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Lund Svindal cashes in on success

Norway’s downhill skiing star Aksel Lund Svindal is on his way to becoming the country’s most valuable athlete. His sponsor income is soaring after his winter of roaring down the slopes.

Sports News - March 11, 2010

Lund Svindal recently signed a deal, for example, with equipment maker Head that reportedly pays him NOK 16 million over two years, according to TV2.

Lund Svindal earlier had a deal with rival equipment maker Atomic, and its chief told TV2 that his firm wanted to retain Lund Svindal, but Atomic couldn’t match Head’s offer.

Lund Svindal also has a variety of other sponsorships, including drinks maker Red Bull.

Lars Martin Kaupang of Sponsor- and Eventforeningen, a sponsoring organization, told Aftenposten that cross-country skier Petter Northug “can win hundreds of Olympic gold medals, but he’ll never have the market value of Aksel Lund Svindal.” That’s because alpine skiing is far more popular in the rest of the world than cross-country skiing.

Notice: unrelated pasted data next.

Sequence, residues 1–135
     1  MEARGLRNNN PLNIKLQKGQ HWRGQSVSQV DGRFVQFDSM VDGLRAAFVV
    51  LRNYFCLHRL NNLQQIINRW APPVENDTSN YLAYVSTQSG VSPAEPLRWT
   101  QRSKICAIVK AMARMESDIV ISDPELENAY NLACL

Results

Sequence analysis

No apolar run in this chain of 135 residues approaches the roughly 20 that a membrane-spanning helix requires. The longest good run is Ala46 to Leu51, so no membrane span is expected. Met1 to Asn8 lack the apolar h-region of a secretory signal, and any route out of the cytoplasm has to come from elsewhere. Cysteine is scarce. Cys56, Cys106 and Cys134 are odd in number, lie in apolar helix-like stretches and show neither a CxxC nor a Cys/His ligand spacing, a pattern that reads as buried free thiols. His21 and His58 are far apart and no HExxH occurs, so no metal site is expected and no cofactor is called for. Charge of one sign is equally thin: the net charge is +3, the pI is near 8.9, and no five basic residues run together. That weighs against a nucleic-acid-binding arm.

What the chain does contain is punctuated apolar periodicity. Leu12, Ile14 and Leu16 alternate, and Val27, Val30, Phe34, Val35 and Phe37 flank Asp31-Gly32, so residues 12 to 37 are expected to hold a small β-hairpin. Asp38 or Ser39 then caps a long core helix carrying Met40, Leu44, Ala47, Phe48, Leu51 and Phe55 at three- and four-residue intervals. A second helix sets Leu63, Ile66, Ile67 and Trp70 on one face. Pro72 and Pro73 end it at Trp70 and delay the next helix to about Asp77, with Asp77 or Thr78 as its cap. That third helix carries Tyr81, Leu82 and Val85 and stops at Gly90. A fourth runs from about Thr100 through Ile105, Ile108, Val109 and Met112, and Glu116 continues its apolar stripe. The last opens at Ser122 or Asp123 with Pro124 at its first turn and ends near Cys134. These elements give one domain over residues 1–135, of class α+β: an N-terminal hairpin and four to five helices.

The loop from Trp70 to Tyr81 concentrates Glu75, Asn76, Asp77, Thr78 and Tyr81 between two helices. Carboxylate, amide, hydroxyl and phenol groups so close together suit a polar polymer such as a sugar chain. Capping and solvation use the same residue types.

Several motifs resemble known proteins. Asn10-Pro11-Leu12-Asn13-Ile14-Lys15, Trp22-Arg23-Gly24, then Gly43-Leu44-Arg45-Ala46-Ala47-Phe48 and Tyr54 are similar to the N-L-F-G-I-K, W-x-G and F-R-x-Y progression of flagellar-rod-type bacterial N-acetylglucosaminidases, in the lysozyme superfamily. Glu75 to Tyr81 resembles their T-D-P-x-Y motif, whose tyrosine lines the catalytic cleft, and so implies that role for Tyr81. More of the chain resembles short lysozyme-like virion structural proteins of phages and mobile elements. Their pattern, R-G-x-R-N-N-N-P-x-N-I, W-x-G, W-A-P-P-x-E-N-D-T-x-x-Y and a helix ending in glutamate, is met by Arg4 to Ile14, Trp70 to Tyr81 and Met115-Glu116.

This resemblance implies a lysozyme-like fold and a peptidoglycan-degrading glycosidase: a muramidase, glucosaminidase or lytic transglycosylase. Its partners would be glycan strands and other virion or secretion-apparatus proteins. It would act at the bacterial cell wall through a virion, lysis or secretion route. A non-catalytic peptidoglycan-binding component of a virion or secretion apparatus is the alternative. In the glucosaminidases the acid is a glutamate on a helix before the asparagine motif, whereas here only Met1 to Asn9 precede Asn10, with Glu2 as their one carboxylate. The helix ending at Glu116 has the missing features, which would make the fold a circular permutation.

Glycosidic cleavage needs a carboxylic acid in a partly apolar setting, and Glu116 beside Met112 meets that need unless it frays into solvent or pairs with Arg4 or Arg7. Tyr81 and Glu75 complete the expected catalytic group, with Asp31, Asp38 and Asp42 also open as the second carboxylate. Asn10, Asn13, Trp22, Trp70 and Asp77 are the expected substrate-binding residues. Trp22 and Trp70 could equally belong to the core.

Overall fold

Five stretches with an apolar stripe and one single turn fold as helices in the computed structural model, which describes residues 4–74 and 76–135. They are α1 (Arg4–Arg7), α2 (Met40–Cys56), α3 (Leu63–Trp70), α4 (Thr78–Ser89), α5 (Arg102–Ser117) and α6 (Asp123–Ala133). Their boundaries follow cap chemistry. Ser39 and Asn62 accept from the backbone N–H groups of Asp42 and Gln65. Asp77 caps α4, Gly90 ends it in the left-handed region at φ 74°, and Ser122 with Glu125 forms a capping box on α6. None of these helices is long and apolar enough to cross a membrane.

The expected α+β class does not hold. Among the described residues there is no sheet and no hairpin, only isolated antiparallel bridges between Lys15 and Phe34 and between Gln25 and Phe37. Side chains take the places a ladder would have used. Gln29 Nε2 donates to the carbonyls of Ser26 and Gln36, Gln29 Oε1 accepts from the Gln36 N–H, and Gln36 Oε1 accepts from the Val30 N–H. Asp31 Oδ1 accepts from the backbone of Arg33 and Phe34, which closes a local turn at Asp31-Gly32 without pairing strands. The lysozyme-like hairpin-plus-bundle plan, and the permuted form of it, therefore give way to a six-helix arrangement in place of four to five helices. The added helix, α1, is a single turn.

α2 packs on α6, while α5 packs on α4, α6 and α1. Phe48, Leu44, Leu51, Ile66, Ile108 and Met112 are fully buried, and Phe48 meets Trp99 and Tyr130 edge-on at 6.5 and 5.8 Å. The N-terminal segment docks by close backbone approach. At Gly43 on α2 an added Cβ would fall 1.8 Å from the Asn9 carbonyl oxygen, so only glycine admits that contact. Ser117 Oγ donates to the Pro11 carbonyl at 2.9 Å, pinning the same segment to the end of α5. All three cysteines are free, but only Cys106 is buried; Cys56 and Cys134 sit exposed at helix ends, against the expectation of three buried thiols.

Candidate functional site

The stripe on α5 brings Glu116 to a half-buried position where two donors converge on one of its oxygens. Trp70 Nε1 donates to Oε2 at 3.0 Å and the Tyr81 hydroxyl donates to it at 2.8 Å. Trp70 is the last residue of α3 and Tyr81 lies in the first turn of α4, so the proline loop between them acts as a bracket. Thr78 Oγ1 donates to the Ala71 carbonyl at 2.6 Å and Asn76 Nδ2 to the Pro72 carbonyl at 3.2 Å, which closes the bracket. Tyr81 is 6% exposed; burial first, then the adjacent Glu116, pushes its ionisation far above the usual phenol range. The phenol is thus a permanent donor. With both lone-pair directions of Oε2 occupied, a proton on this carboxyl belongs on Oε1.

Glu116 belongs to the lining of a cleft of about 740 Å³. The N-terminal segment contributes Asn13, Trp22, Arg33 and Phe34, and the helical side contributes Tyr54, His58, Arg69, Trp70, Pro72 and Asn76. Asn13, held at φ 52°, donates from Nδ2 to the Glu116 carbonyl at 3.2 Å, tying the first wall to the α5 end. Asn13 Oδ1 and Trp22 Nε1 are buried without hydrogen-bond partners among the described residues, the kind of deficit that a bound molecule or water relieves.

Lund Svindal (shown above on the winners’ podium at the World Cup) had a good season, winning Olympic medals as well. His earnings are believed to be approaching those of football stars, and some estimate his fortunes at NOK 50 million.

Kaupang estimates Lund Svindal can be valued as highly as Norwegian soccer star Ole Gunnar Solskjær, the former Manchester United player. “And what’s interesting here is that Lund Svindal (like Solskjær) manages to express security, self-confidence and humility all at the same time,” Kaupang told Aftenposten. “Therefore he appeals to very many, both as a person and as an athlete.”

Lund Svindal suffered one loss this week, though: Marius Arnesen, his coach as head of Norway’s national alpine skiing team, decided not to renew his contract with the Norwegian skiing association. Arnesen said he simply got tired of all the traveling and the toll it was taking on his family.

Lund Svindal said he joined others in trying to convince Arnesen to continue, but wasn’t successful. “Marius gave me a sense of security, that allowed me to turn many decisions over to him,” Lund Svindal said. Arnesen has had an average of 200 travel days a year for the past 12 years.

Views and News from Norway/Nina Berglund
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